Powers of attorney move one step closer to the digital age

The administration of lasting powers of attorney (LPA) is on its way to becoming fully online.

In an ideal world, you should have an LPA (or its Scottish or Northern Ireland equivalent) sitting beside your will. The absence of either can complicate matters considerably for your family. Without a will, the distribution of your estate defaults to the laws of intestacy, which may not match your (or your family’s) wishes. Similarly, if illness means that you cannot manage your own affairs, then in the absence of an appropriate LPA, the Court of Protection will be your family’s first port of call to make decisions on your behalf. Going to the Court can be an expensive and slow process. 

In England and Wales, the LPA process is dealt with by the Office of the Public Guardian (OPG). Over the years, technology has gradually crept into what has traditionally been a heavily paper-based system. You can now prepare an LPA for property and financial affairs and/or health and welfare matters online (https://www.lastingpowerofattorney.service.gov.uk/lpa/type). These LPAs are basic, government-drafted documents, but you may prefer to use a solicitor to include specific provisions that the standard issue version does not contain.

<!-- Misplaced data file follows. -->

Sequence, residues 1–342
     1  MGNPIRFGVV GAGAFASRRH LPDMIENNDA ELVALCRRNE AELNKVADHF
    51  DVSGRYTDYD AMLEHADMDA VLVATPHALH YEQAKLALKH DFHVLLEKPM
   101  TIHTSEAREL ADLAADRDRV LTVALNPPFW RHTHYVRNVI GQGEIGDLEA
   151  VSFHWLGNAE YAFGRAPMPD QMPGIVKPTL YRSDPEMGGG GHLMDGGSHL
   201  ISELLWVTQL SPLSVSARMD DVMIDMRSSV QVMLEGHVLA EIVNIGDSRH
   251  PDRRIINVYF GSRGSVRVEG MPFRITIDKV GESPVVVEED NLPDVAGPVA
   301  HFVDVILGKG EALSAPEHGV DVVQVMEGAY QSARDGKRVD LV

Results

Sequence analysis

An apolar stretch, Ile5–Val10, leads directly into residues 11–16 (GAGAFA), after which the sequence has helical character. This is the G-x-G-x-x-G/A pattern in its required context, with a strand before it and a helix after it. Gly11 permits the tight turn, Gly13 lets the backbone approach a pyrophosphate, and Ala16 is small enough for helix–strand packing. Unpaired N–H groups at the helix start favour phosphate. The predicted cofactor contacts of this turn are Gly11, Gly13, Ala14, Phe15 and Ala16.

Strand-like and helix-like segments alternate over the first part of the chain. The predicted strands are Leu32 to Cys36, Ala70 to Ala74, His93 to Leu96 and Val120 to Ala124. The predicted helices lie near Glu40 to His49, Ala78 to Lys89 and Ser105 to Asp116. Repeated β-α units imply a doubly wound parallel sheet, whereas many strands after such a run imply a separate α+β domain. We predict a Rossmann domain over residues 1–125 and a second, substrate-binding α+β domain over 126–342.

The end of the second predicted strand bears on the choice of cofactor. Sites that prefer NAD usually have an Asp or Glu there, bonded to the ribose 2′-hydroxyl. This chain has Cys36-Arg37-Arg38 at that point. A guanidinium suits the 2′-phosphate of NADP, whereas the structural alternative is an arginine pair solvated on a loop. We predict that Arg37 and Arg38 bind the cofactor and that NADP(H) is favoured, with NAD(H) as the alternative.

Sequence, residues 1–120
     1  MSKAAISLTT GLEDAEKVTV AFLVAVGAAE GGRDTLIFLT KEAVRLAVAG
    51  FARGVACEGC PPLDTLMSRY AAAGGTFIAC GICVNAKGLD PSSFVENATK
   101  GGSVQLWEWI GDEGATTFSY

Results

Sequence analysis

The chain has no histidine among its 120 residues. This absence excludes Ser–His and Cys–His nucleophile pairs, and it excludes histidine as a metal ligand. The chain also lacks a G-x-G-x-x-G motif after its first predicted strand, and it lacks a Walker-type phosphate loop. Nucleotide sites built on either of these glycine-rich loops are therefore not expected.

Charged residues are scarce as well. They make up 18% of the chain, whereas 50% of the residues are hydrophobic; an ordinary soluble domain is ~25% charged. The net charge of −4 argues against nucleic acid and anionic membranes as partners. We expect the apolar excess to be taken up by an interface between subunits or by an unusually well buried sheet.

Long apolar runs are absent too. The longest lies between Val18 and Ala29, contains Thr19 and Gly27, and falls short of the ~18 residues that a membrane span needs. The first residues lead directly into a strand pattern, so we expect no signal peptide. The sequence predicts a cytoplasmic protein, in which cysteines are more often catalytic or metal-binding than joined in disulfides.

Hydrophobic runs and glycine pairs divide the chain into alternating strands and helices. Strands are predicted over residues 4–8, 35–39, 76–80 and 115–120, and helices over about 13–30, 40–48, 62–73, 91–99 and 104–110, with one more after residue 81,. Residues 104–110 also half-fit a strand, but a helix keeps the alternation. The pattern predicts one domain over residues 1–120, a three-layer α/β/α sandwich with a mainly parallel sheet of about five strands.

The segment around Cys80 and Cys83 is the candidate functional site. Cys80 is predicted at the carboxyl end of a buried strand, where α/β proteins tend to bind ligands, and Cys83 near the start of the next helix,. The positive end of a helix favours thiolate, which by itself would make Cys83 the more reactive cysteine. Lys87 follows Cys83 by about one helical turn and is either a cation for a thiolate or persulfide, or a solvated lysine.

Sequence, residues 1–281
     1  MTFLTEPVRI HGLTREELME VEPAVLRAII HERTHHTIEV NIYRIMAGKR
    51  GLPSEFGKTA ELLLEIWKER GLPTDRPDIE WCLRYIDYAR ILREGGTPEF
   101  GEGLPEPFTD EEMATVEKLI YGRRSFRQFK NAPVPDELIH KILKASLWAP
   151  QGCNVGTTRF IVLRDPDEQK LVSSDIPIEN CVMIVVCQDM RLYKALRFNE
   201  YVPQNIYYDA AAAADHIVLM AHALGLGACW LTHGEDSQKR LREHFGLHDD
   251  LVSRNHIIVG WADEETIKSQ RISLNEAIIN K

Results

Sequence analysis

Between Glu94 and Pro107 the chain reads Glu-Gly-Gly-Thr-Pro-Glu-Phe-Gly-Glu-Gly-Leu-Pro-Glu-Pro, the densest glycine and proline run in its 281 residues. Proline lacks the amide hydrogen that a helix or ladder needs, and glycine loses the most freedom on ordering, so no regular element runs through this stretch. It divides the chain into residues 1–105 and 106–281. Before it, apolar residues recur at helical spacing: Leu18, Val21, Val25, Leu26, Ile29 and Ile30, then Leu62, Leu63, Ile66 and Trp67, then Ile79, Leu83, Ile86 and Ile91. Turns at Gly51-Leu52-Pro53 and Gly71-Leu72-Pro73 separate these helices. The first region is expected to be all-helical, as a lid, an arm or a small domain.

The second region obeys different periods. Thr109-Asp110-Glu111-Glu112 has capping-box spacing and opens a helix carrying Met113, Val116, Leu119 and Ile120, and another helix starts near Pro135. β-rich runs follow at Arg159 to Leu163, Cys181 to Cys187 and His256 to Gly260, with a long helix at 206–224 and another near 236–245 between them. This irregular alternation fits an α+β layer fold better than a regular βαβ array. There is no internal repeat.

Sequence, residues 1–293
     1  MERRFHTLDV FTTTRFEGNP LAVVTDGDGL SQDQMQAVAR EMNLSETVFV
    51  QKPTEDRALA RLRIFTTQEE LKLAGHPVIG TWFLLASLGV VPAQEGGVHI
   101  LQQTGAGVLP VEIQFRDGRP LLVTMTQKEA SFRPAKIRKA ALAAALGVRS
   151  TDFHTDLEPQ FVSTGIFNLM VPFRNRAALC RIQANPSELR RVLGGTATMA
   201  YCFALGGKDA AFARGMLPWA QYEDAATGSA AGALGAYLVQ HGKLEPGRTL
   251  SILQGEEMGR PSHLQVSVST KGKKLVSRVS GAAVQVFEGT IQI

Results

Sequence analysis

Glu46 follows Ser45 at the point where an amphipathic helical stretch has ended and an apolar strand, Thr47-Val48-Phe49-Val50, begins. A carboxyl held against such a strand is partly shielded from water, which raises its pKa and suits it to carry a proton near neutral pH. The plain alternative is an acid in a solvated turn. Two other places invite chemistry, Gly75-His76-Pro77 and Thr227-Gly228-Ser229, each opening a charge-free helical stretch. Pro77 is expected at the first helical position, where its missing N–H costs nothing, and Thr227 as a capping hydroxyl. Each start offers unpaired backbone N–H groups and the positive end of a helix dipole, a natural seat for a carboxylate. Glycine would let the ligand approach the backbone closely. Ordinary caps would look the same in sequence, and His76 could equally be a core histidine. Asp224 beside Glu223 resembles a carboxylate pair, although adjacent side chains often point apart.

However your LPA is prepared, it will need to be registered before it can be used. While in theory registration can be delayed until your attorney needs to act on your behalf, in practice it is best to register your LPA as soon as it has been completed. That involves signing the document and sending the paperwork to the OPG (with a fee of £82 per LPA). The OPG says that it takes “up to 20 weeks” to register an LPA, provided there are no mistakes in the application. 

The Powers of Attorney Act 2023, which received Royal Assent in September, paves the way for LPA registration to be completed online (as is currently possible in Scotland with powers of attorney). The paper option will also remain available. 

If you do not have an LPA, then do not let the passing of the Act be an excuse to carry on without one until the technology is in place. Even the Chief Executive of the OPG says “…it’s important to recognise that we’ve still got a long way to go.” You – and your family – could need an LPA before that journey is over. 

Footnote: In October, the Law Commission launched a consultation on allowing wills in England and Wales to be made and stored in electronic form. More information can be found here.